In all the to-do over players and owners and agents and unions and team loyalty vs. Individualism in sports, the forgotten man is the manager, or coach, who has to handle the new breed of athlete. Sparky Anderson, skipper of the champion Cincinnati Reds, is prepared.

"We have come to a time in baseball that will separate the people who can handle it from those who can't, said Anderson.

"What you are going to need now is imagination enough to keep things movings in the direction they should be moving in. Some of us (managers) will fall by the wayside, but even as Gary Nolan and Rawly Eastwick were joining the staccato, "Gimme a multiyear, stratospheric contract or I play out my opinion," sounded by almost every key Red from two-time MVP Joe Morgan on down. Anderson was declaring financial talk off-limits in the clubhouse and on field.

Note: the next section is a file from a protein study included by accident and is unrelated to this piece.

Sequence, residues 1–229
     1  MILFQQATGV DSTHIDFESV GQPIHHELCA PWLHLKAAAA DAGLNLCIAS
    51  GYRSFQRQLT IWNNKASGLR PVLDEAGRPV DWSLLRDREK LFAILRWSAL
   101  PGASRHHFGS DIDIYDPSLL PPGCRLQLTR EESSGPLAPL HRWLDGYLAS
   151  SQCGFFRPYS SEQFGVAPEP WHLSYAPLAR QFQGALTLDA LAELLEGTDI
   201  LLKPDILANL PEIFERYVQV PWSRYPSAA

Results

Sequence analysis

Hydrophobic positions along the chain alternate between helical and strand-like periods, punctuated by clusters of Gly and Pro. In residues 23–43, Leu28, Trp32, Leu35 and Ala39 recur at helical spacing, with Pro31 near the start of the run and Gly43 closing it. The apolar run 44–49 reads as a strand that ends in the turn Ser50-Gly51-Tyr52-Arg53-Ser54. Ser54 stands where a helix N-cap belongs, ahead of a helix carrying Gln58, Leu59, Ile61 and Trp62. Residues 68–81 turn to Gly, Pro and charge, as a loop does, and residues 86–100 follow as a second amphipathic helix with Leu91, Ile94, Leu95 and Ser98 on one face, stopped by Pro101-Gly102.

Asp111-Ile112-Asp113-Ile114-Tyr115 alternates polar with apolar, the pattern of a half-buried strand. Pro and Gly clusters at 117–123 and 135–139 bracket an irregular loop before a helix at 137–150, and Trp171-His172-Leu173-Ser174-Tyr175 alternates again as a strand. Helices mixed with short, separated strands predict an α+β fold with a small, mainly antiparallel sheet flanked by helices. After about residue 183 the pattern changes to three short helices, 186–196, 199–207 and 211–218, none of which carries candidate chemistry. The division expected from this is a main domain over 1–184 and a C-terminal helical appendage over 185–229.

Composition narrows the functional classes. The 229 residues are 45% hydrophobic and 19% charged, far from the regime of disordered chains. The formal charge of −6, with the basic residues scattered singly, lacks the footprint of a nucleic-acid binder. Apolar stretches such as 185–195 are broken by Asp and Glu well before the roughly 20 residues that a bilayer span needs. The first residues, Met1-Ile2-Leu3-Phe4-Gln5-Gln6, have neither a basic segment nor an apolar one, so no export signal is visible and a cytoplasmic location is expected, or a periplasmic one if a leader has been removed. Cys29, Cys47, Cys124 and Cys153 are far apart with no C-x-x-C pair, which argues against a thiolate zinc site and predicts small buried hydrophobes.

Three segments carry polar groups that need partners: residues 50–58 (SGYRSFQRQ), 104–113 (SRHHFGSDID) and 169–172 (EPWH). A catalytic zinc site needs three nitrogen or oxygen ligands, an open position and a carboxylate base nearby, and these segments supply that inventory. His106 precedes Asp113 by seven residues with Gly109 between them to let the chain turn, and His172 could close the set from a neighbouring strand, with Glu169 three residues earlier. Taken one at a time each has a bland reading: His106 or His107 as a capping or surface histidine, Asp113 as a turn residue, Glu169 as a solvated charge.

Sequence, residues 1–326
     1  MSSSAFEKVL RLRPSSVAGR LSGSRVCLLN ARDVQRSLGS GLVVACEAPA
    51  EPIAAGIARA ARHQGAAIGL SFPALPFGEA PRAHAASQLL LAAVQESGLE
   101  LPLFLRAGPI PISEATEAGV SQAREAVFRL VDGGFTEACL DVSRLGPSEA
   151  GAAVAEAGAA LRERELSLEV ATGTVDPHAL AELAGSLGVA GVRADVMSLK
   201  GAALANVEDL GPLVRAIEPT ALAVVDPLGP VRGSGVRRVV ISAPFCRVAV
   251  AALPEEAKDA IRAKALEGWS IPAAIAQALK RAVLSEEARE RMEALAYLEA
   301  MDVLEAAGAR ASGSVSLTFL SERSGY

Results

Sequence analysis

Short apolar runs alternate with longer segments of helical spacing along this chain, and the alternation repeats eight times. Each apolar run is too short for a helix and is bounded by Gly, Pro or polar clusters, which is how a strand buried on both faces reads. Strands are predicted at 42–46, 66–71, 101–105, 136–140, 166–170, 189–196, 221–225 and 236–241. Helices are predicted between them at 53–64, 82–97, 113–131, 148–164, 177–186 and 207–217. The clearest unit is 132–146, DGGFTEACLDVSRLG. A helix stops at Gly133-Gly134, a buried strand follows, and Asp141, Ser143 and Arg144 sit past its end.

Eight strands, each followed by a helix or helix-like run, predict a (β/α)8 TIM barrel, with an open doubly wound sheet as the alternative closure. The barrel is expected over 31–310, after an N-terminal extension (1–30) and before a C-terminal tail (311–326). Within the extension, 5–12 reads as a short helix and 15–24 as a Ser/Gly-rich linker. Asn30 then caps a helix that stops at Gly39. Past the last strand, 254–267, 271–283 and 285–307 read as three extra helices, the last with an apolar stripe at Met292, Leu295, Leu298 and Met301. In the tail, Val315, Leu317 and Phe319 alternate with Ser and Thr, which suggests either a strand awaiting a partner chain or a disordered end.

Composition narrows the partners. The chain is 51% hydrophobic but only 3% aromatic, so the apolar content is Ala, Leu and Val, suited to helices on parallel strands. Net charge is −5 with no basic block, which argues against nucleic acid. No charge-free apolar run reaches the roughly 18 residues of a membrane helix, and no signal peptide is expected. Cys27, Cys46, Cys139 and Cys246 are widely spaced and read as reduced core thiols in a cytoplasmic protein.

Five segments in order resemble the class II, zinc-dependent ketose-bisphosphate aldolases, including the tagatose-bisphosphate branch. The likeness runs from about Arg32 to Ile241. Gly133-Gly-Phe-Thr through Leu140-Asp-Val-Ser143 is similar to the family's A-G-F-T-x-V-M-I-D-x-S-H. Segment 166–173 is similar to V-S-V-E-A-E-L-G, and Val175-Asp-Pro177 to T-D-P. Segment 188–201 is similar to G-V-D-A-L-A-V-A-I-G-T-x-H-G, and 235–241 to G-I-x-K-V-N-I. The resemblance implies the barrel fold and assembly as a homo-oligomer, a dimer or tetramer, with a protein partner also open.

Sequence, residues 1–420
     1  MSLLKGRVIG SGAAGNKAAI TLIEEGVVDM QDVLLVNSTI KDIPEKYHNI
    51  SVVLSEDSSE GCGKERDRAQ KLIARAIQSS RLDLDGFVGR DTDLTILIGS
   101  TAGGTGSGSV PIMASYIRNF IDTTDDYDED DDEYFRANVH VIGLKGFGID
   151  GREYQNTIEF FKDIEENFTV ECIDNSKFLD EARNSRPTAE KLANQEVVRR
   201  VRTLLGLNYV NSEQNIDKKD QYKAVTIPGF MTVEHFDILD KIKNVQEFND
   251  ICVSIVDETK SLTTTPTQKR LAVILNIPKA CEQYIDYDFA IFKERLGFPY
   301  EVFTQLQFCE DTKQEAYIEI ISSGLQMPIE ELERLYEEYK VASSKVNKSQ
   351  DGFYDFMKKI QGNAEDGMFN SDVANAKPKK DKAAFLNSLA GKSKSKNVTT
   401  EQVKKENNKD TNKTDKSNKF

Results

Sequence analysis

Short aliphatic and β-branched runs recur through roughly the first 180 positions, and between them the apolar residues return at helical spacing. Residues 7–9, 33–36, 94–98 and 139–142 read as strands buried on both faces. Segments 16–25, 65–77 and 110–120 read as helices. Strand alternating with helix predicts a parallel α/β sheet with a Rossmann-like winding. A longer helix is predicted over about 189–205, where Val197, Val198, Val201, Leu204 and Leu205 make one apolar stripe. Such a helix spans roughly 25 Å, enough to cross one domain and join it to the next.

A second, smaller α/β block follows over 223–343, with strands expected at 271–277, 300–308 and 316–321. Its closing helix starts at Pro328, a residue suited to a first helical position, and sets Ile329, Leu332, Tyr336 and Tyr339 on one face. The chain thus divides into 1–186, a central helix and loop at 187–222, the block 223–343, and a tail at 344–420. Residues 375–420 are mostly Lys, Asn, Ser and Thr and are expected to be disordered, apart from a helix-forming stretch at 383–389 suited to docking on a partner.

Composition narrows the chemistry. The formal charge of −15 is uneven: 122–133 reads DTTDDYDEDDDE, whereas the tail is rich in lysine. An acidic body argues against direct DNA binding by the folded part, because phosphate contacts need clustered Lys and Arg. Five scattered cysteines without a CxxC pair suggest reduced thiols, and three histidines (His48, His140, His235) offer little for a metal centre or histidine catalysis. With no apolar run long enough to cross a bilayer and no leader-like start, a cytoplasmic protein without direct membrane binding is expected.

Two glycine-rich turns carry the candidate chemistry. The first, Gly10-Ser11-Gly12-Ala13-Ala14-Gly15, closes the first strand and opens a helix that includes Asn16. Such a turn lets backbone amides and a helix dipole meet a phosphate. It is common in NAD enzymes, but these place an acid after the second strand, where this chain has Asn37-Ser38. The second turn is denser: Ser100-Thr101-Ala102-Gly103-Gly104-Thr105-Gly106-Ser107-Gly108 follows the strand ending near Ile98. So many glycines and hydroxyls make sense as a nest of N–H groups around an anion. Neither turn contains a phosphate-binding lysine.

"That's one of the first things I plan to make clear when I meet with players the first day of spring training. If a player isn't happy with the contract he signed, or the one that has been offered to him, the other players on the club shouldn't have to hear about it. My feeling is, let's play and settle our personal problems on our own time. As for myself, I don't know what the players on the Reds are making and don't want to find out.

"If I saw some of the contracts, I might get sick".